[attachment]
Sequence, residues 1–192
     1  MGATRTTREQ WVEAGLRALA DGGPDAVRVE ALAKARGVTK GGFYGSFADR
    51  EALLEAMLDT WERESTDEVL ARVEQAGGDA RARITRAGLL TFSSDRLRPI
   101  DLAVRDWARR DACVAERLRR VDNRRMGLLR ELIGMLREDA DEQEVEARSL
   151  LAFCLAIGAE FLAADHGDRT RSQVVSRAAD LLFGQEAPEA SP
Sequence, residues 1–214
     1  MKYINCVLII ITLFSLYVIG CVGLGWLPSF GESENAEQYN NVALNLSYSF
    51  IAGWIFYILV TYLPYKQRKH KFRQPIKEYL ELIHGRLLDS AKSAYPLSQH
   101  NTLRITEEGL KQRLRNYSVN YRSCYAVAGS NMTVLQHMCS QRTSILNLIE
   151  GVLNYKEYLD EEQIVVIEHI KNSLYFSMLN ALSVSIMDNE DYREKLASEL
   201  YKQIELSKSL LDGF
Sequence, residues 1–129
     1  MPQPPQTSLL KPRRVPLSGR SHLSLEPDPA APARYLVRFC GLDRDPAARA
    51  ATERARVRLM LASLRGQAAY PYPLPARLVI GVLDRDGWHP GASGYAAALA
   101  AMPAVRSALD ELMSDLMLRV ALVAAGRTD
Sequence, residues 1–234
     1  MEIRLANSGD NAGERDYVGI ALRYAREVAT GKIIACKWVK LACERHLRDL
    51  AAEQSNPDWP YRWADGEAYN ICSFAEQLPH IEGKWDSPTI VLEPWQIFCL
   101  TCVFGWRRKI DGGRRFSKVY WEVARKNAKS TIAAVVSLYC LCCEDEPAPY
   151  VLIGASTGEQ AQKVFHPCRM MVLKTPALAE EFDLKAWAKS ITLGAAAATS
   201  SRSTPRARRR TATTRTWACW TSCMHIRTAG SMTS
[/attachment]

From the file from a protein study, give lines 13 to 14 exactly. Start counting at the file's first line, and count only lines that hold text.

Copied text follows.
     1  MPQPPQTSLL KPRRVPLSGR SHLSLEPDPA APARYLVRFC GLDRDPAARA
    51  ATERARVRLM LASLRGQAAY PYPLPARLVI GVLDRDGWHP GASGYAAALA